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From Middle French frontispice, from Latin frontispicium, from frōns (forehead) + specere (look at). Spelling altered due to folk etymology, influenced by piece.


  • (UK) IPA(key): /ˈfɹʌn.tɪsˌpiːs/, /ˈfɹɒn.tɪsˌpiːs/[1][2]
  • (US) IPA(key): /ˈfɹʌn.tɪsˌpis/, /ˈfɹɑn.tɪsˌpis/[3]


frontispiece (plural frontispieces)

  1. (publishing) An illustration that is on the page before the title page of a book, a section of one, or a magazine.
    • 1939 September, D. S. Barrie, “The Railways of South Wales”, in Railway Magazine, page 163:
      The viaduct was illustrated as a frontispiece to THE RAILWAY MAGAZINE of September, 1938. [In this case, the frontispiece is between the title page and the first article.]
  2. (archaic, publishing) The title page of a book.
  3. (architecture) A façade, especially an ornamental one.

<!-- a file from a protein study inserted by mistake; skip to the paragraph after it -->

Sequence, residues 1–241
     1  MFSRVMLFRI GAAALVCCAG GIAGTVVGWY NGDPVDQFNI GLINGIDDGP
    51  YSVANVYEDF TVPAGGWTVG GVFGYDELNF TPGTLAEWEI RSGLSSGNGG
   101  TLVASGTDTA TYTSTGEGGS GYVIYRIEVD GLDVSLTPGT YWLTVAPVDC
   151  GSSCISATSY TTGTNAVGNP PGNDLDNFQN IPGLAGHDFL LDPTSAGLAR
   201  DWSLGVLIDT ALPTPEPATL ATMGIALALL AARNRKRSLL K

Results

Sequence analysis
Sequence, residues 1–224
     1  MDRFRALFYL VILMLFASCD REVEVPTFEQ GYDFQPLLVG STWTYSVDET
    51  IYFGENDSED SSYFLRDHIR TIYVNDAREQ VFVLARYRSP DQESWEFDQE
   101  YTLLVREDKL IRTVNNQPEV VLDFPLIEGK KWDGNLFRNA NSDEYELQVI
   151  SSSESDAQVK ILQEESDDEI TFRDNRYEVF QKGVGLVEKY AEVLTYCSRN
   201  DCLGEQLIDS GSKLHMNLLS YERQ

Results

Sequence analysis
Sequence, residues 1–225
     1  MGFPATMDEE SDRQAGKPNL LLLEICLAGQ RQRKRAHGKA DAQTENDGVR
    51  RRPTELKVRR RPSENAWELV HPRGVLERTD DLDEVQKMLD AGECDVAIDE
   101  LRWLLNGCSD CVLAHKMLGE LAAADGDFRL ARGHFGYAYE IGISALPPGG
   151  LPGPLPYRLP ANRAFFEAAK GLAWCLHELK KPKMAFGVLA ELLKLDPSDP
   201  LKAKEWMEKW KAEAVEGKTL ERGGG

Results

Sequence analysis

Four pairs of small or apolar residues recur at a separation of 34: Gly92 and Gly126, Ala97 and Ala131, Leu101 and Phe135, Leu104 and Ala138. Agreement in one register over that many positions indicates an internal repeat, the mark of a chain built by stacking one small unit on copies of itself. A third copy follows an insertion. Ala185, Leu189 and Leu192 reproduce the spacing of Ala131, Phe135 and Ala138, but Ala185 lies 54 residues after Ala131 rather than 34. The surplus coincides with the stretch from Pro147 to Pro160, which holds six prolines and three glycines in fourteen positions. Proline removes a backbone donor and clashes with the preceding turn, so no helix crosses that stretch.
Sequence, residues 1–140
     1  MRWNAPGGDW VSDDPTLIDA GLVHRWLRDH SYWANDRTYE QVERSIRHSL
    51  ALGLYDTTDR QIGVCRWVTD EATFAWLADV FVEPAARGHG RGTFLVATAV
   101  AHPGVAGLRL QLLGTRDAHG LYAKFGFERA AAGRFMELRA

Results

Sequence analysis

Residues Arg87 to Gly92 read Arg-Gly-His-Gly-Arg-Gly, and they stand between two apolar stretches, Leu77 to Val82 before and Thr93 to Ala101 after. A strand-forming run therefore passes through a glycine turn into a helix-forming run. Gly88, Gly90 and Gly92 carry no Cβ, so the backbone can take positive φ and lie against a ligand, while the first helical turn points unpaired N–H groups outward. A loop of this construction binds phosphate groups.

4. (architecture) A small ornamental pediment, especially at the top of a window or door.
  5. (slang, archaic, humorous) A person's face.
    • 1844, George Pope Morris, ‎Nathaniel Parker Willis, The New Mirror (volume 3, page 99)
      He carries on his frontispiece the indubitable marks of a money-dealer. His is one of those peculiar faces []



frontispiece (third-person singular simple present frontispieces, present participle frontispiecing, simple past and past participle frontispieced)

  1. (transitive, rare) To supply with a frontispiece.
    The novel was frontispieced with a portrait of the author.


  1. ^ The Chambers Dictionary, 9th Ed., 2003
  2. ^ frontispiece” in the Collins English Dictionary
  3. ^ frontispiece” in Unabridged,, LLC, 1995–present.